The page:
November 15,2005 | DALLAS -- It turns out dogs are more than man's best friend. They're pretty good at making the sick feel better, too, in ways that can be measured.

A small study showed that visits from therapeutic dogs lowered anxiety, stress and heart and lung pressure among heart failure patients.

"I'm not surprised at all that something that makes people feel good also makes them feel less anxious, has measurable physiological effects," said Dr. Marc Gillinov, a cardiac surgeon at the Cleveland Clinic who was not involved in the study.

"You can see it on their face, first you see a smile and then you see the worries of the world roll off their shoulders," said Kathie Cole, a nurse at the University of California Los Angeles Medical Center who led the study presented Tuesday at an American Heart Association meeting.

Take Charles Denson, for example. His face brightened as a speckled Australian Shepherd named Bart cuddled next to him as he rested in his hospital bed in a cardiac care unit.

"You've got a pretty coat," the 51-year-old said, while petting Bart's soft fur.

Cole and her colleagues studied 76 heart failure patients -- average age 57 -- who got either a visit from a volunteer, a volunteer plus a dog, or no visit.

The scientists meticulously measured patients' physiological responses before, during and after the visits.

Anxiety as measured by a standard rating scale dropped 24 percent for those visited by the dog and volunteer team, but only by 10 percent for those visited by just a volunteer. The scores for the group with no visit remained the same.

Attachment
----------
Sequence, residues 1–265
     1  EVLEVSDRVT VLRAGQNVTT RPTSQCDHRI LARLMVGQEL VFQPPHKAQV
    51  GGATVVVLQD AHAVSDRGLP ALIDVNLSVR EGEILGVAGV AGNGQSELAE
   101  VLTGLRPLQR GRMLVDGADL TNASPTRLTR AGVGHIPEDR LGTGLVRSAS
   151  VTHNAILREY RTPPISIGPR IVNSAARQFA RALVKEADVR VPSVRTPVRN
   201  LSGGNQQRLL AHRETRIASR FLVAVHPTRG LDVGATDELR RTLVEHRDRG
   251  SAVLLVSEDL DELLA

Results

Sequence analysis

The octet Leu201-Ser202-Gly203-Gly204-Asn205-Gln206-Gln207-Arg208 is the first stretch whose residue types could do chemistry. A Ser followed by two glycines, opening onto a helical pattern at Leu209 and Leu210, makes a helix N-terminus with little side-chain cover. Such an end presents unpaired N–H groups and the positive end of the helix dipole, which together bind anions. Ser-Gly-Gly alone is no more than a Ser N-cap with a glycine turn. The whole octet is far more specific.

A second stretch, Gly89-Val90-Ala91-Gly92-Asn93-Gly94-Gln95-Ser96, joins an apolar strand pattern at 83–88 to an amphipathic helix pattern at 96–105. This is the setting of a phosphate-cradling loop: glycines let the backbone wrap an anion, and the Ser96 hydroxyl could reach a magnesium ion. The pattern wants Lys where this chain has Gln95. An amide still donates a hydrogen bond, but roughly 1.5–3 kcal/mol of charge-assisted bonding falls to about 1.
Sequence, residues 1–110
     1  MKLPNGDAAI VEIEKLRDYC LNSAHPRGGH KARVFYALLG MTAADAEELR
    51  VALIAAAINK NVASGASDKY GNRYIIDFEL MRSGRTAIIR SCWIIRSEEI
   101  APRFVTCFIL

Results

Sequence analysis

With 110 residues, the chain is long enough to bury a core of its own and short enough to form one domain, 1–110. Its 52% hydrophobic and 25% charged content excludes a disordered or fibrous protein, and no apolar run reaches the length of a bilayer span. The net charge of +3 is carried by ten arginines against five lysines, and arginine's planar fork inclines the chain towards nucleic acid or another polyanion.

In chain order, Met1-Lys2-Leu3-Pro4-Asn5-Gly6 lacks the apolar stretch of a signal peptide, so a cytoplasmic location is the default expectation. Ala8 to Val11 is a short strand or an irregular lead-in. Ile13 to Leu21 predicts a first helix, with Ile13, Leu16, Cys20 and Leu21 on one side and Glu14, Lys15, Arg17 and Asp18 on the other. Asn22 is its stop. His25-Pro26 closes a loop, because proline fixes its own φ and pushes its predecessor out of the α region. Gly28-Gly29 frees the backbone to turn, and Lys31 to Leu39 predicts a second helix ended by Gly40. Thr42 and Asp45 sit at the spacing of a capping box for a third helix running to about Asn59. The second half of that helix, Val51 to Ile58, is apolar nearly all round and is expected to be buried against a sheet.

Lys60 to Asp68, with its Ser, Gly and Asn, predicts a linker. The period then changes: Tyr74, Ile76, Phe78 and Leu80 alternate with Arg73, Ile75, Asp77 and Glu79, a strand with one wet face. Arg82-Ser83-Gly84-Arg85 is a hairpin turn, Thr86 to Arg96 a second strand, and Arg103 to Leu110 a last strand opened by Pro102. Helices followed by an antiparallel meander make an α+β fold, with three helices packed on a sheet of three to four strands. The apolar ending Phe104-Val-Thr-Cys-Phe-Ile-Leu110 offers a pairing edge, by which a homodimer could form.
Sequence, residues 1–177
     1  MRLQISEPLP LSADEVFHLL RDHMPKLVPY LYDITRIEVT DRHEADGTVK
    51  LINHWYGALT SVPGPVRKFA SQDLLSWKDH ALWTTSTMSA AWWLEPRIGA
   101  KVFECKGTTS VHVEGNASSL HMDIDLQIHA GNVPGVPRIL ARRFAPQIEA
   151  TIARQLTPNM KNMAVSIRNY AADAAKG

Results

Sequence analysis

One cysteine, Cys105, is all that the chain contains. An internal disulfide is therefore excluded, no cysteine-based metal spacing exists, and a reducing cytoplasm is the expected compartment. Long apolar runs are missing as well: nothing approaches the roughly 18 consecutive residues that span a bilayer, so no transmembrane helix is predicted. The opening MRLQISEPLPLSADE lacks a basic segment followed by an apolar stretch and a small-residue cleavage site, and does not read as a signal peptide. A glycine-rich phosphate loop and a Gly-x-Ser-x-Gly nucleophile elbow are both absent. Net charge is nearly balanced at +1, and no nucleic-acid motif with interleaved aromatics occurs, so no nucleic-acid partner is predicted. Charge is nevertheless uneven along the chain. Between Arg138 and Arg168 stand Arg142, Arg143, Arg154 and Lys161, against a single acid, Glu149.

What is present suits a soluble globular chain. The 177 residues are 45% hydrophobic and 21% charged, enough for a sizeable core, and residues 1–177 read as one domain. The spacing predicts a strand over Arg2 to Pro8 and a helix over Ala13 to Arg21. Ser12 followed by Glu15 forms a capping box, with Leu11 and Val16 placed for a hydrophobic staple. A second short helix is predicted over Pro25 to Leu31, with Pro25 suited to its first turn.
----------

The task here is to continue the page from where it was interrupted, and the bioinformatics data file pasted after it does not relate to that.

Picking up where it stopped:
Levels of epinephrine, a hormone the body makes when under stress, dropped about 17 percent in patients visited by a person and a dog, and 2 percent in those visited just by a person. But levels rose about 7 percent in the unvisited group.

Heart pressure dropped 10 percent after the visit by the volunteer and dog. It increased 3 percent for those visited by a volunteer and 5 percent for those who got no visit. Lung pressure declined 5 percent for those visited by a dog and a volunteer. It rose in the other two groups.

Gillinov said the study was especially impressive because of the hard data it provided as opposed to observations.

Cole said that she hopes the study, funded by the Pet Care Trust Foundation, a nonprofit that promotes the value of animals in society, helps show that pet therapy is a credible addition to patient care, not just a nicety.

"It makes the hospital seem less like a hospital and it lowers people's blood pressure," said Linda Marler, education coordinator for Baylor Institute for Rehabilitation and animal assisted therapy coordinator for Baylor Healthcare System. Her program has grown from its beginnings in 1985 with one dog to 84. [...]

too bad that brandy's anxiety rate would go up quite dramatically, if i tried to take her to visit strange people in a hospital.

November 10, 2005

the brightest dog of all

i had to observe an esl (english as a second language) class today. students were speculating about the meaning of the expression dog days. one student guessed that it might mean something like "happy days", which would make perfect sense...